Rice is classified as either Asian or African with the botanical names of Oryza sativa and Oryza glaberrima respectively. The staple is a cereal grain that grows in swampy areas, in regions with high rainfall but can still be grown in areas with little rainfall through the use of water-controlling terrace system. The grain is sensitive and requires a lot of care and attention to grow well. The cultivation can be done by transplanting or direct seeding, the seeds are sprayed onto the soil after which it is ploughed into the soil by using plough. Prior to cultivation the rice seeds in soaked in water for 34 hours (1 day 10 hours) and allow to dry for 24 hours then it is ready for planting, what a process! It takes about 4 months or 6 months for the grains planted to be ready for harvest, depending on the soil type and other climatic factors. The rice is harvested by cutting the stalk directly beneath the heads and the grains separated from the stalk by a mechanised thresher.

Shutting down the Nigerian border to hinder the importation of rice will encourage more smuggling of it. The country is clamouring for self-sufficiency in rice production, the federal government hopes to reduce the importation bill of rice to 95% and likewise rice farmers by an appreciable amount. To achieve self-sufficiency is applaudable but like they say, Rome is not built in a day, a process is required.

The Central Bank of Nigeria gave small scale farmers grants and soft loans to ensure there is increase in productivity but there are many other factors that need to be considered apart from the funds being disbursed. Some farmers do not even have access to the funds and had to get loans with high interest rates from commercial banks and those that were lucky experienced a great bottleneck in administrations and protocols.

In the words of the Managing Director of AgroNigeria, Richard Mbaram: achieving self-sufficiency in the next couple of years is merely a pipe dream. Rice production is not willed into existence, it is cultivated and systematically sown. There is research, there is mechanisation, there is warehousing and storage. There is market opening and market access. You cannot drive industrialisation or agro-industrialisation without connecting the farm gate where the production is happening. Do we have that? We are far back in terms of achieving that.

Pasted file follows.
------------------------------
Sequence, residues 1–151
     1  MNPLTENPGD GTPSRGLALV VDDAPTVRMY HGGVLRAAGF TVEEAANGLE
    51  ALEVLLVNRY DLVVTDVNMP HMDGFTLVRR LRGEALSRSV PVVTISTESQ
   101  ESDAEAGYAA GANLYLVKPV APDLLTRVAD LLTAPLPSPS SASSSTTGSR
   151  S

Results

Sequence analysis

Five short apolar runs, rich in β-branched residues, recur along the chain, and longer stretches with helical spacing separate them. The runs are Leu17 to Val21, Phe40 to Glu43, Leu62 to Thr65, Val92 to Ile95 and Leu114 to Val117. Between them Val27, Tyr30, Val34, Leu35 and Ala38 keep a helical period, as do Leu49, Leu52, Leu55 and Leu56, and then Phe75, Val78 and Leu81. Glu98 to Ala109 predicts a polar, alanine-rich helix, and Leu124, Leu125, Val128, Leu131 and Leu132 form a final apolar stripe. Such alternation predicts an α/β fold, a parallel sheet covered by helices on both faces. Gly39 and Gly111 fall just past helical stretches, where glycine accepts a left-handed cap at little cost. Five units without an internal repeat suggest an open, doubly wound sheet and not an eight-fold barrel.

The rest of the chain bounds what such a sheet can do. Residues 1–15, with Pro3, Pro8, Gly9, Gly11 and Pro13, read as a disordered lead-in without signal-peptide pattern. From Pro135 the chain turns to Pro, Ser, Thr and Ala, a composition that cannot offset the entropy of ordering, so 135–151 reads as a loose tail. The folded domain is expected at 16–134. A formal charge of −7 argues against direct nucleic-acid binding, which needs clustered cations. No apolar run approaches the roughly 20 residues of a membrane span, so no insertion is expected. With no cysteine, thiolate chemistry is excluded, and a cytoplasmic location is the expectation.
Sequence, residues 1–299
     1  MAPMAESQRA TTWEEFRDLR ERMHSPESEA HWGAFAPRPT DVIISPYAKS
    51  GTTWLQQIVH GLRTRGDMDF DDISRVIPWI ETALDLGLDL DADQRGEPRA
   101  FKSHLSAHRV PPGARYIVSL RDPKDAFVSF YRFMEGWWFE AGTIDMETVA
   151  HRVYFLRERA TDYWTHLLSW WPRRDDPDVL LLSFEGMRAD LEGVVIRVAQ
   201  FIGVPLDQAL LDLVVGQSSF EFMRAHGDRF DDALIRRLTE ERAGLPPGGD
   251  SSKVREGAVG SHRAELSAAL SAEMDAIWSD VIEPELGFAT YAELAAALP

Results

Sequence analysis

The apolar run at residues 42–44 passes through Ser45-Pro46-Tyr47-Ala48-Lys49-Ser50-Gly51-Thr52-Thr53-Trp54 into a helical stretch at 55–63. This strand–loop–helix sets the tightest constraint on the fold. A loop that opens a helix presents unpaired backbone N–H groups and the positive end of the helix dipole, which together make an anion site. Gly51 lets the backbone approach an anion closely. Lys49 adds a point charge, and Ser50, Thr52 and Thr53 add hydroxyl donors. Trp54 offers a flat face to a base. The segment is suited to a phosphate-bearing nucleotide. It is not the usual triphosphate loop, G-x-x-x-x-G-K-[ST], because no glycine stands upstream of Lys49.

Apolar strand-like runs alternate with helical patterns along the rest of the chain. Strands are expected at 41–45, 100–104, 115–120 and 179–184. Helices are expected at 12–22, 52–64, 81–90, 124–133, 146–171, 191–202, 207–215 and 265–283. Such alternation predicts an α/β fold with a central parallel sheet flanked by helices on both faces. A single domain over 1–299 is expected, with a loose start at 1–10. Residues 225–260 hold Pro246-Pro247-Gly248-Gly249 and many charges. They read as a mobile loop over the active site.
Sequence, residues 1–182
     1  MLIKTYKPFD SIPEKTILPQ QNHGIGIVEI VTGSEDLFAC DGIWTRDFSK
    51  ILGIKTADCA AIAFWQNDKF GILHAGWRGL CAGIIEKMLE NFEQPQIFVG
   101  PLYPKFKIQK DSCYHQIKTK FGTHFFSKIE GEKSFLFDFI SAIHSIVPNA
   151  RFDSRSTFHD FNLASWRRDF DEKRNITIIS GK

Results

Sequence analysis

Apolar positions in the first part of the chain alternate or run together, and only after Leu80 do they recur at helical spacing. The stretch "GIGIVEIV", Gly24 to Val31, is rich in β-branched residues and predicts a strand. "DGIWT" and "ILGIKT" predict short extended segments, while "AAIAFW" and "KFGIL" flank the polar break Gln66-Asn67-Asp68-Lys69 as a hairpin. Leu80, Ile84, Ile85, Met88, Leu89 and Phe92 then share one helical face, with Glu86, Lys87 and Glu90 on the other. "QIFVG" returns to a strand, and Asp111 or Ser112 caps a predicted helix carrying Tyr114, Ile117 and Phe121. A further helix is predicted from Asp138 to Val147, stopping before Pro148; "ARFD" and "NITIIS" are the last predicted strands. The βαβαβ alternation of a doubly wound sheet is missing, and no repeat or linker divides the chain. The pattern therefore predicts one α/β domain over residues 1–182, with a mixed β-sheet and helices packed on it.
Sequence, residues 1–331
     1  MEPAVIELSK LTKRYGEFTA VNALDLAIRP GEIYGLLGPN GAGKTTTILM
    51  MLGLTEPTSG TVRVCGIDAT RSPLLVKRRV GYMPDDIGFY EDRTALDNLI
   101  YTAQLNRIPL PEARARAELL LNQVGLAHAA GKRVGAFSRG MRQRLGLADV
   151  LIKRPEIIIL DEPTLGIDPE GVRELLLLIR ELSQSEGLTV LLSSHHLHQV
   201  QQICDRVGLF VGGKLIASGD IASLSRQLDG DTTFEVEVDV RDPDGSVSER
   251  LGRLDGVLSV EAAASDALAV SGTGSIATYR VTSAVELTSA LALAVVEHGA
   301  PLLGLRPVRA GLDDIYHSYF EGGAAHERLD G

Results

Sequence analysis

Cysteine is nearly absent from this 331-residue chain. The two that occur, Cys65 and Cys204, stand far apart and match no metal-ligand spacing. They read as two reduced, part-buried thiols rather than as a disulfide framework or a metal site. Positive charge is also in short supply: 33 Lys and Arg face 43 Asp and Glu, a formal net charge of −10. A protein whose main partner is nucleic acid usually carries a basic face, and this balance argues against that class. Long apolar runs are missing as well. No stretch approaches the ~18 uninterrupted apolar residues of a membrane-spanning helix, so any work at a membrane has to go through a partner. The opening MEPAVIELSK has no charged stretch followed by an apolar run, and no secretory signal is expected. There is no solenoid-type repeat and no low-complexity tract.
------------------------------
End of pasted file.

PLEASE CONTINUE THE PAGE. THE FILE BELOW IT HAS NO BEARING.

Of a truth, the threats will only lead to more smuggling if the country can not achieve self-sufficiency as and when due. The country has achieved progress in rice processing so far, there has been increase in the local production of rice and the importation of rice has been reduced. The number of rice mills (both integrated and cottage) have increased by more than 50% as the government and the private sector continue to make more investment in processing. Such success is worth applauding, but the government has more to achieve to reduce rice importation and drive into self-sufficiency. Whatever way anyone views the progress so far, what to note is that the journey is still far, there needs to be more strategic plans to be injected into the rice processing industry to improve the value. The industry needs more human resource, technology (irrigation, biotechnology etc) and financing.